Committee member Dina Blaes said the recommendation process was difficult because many organizations weighed in on both sides of the issue.
While the Grand County Council, the Bureau of Land Management (BLM) and the Utah Martin Luther King Jr. Human Rights Commission favored changing the name to Grandstaff Canyon, the Grand County Historical Preservation Commission as well as the Salt Lake City branch and Washington Bureau of the NAACP were staunchly opposed to any name change.
“It wasn’t an easy decision, it was a long conversation,” Blaes said. “... Essentially, it’s difficult when two organizations representing minorities in the state have contradictory information. Also, the historical commission and the council don’t agree on what the name should be.”
William Grandstaff, an African American man, ran cattle in the Moab area from 1877 to 1881. An interpretive sign at the canyon’s trailhead, installed by the BLM in 2015, describes Grandstaff as a “cowboy who was half black and half Native American” and “one of Moab’s first settlers.”
The canyon’s original name included a racial epithet, which was changed in the 1960s to “Negro” as part of a nationwide, sweeping reform of racially charged geographic names.
In a letter to the state commission, Jeanetta Williams, president of the NAACP Tri-State Conference of Idaho, Nevada and Utah, said she continues to oppose the name change.
“[T]he word Negro is not offense [sic] in any way,” Williams wrote.
Hilary Shelton, director of the NAACP Washington Bureau, supported Williams’ letter and said the name should be preserved so “those living in and around Moab are reminded of the history and culture of the state of Utah.”
However, the Utah Martin Luther King Jr. Human Rights Commission — a state organization focused on promoting diversity and human rights — took the opposite stance. Although the group’s representatives said the name was changed to “something more suitable” during the civil rights movement, they added that the current moniker is “no longer an appropriate designation.”
“To remove the racially offensive descriptor from the official title of the popular geographic feature would express to the world that Utah has progressed to a place where such flagrant insensitivity is no longer tolerated or acceptable in our community,” members of the Utah Martin Luther King Jr. Human Rights Commission said.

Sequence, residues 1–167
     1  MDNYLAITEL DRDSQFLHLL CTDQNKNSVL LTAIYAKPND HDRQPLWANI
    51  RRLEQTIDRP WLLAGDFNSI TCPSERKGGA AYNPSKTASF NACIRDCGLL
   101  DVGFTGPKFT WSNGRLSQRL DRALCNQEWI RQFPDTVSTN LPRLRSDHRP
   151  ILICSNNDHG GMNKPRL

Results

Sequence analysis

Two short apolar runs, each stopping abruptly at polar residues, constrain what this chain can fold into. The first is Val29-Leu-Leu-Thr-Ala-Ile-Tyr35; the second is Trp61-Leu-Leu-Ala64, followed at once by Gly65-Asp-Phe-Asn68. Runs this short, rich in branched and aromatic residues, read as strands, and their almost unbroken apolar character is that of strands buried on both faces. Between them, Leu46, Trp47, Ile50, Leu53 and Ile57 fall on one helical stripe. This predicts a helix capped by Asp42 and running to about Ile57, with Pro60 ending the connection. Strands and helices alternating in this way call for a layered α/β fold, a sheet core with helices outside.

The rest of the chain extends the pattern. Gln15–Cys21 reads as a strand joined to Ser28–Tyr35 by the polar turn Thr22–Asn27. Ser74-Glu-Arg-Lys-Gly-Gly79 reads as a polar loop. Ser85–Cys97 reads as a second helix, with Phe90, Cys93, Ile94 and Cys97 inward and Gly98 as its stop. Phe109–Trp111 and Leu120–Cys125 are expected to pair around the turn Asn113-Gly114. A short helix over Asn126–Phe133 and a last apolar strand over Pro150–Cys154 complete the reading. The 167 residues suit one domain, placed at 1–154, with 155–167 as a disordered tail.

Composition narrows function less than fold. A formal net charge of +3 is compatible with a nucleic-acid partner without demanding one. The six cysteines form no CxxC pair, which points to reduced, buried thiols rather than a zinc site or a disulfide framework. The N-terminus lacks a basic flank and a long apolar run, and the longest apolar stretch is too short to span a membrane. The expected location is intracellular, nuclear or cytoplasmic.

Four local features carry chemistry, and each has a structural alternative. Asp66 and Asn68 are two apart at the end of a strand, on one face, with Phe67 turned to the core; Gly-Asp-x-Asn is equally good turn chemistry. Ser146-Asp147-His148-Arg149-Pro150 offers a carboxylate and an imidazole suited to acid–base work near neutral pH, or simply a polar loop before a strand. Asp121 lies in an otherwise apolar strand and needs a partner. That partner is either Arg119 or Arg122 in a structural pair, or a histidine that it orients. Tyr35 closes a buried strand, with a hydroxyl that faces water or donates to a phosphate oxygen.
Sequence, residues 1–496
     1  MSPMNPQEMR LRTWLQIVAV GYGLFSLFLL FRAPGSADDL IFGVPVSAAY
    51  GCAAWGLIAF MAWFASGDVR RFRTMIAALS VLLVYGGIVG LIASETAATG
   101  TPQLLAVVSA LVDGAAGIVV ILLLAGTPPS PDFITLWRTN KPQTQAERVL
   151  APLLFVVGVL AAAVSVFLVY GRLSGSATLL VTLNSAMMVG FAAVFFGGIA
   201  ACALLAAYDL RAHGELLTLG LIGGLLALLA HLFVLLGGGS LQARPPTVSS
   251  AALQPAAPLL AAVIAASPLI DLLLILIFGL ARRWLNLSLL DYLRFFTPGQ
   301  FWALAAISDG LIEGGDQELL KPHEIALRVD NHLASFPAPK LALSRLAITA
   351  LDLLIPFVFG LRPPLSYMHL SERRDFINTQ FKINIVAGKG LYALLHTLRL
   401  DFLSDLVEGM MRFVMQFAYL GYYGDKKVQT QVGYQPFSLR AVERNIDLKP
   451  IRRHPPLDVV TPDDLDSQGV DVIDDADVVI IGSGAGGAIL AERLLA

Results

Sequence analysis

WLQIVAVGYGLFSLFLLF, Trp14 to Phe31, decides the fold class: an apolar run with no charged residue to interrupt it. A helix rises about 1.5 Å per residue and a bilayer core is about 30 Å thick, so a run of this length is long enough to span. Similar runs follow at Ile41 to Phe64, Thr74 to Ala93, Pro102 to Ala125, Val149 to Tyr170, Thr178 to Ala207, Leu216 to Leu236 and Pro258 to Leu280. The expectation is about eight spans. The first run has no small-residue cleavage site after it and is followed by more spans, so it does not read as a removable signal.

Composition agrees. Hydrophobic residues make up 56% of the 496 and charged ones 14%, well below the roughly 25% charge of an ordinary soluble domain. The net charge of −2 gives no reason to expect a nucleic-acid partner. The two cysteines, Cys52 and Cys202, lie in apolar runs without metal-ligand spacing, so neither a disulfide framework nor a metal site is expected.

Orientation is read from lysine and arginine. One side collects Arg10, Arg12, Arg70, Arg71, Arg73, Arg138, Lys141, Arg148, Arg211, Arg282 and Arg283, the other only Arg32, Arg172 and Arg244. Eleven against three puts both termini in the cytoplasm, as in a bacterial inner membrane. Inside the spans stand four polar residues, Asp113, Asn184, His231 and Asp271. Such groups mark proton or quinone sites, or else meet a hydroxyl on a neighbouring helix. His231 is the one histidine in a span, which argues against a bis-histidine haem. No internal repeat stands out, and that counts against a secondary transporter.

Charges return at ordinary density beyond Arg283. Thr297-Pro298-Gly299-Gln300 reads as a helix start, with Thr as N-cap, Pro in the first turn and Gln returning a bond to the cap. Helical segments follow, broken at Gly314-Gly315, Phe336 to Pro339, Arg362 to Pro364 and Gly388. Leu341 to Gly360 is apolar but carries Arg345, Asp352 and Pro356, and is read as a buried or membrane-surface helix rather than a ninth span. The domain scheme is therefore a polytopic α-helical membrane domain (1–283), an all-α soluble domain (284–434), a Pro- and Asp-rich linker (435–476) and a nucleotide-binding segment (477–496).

Blaes said that for many members of the board, changing the name from Negro Bill Canyon to Grandstaff Canyon initially appeared “straightforward and clear.”
“Most of us had the first reaction that this is a term we’re not comfortable with,” she said. “... Speaking for myself, I would rather see the name get changed and the BLM work with the Division of State History and take a more interpretative approach to [Grandstaff’s] life in the region.”
But she said the committee eventually “erred on the side of not making a decision,” adding that any person or group could still bring a name-change application back to the state committee if the U.S. Board on Geographic Names accepts the committee’s recommendation.
While changes to the names of geographic features can only be made at the discretion of the U.S. Board on Geographic Names, the BLM has made administrative changes in recent years to the trailhead and nearby campground, re-naming them “Grandstaff.”
In 2016, after the BLM changed the trailhead signs along state Route 128, the new signs were stolen and later found dumped into the Colorado River. BLM representatives said the recovered signs were so damaged they could not be reused and have since replaced them.
While the BLM supported the name change to Grandstaff Canyon, agency officials said they recognize there are many perspectives about the best way to honor Grandstaff’s legacy. They added that they would respect any final decision made by the U.S. Board on Geographic Names.
“The BLM recognizes there are many valid perspectives and opinions about the naming of the canyon,” said Canyon Country District Manager Lance Porter.
But some members of the county council said they will ramp up their lobbying efforts to change the name before the federal board makes its decision. Since she was elected to the at-large position on the Grand County Council in 2015, Mary McGann has led efforts to change the canyon name.
McGann, a retired elementary school teacher, recalled a memory of an African-American student who was targeted because of the Negro Bill Canyon name. While on the bus into Moab from Castle Valley, McGann said, the student encountered bullying by her peers as they passed the canyon.
“A kid told her ‘that’s your canyon, Negro,’” McGann said. “She was devastated. That’s not okay. ... I will lobby with the federal government, I’ll get my committee together to help on it. It will eventually be changed. Will it be in my lifetime? I don’t know.”
When Grand County voted to support the canyon’s name change, council member Curtis Wells cast one of the two dissenting votes. At the time, Wells said that while “it’s inappropriate” to refer to someone by the color of their skin, he categorized the retention of the name as a “cultural issue” for many local residents.
“I understand certain sensitivities to it, but whitewashing history is not in the best interest of the community,” Wells said this week.
County council chairwoman Jaylyn Hawks said she understands the many considerations the state committee must make when it comes recommending a geographic name change. However, she hopes that the local people of color living in Moab — many of whom have expressed the need for a change — will carry more weight before the U.S. Board on Geographic Names.
“When it comes down to a very local place and a very local issue, I feel that perhaps the people of color who live here and have spoken out so passionately about it be given perhaps more credence than the people that are far away,” Hawks said.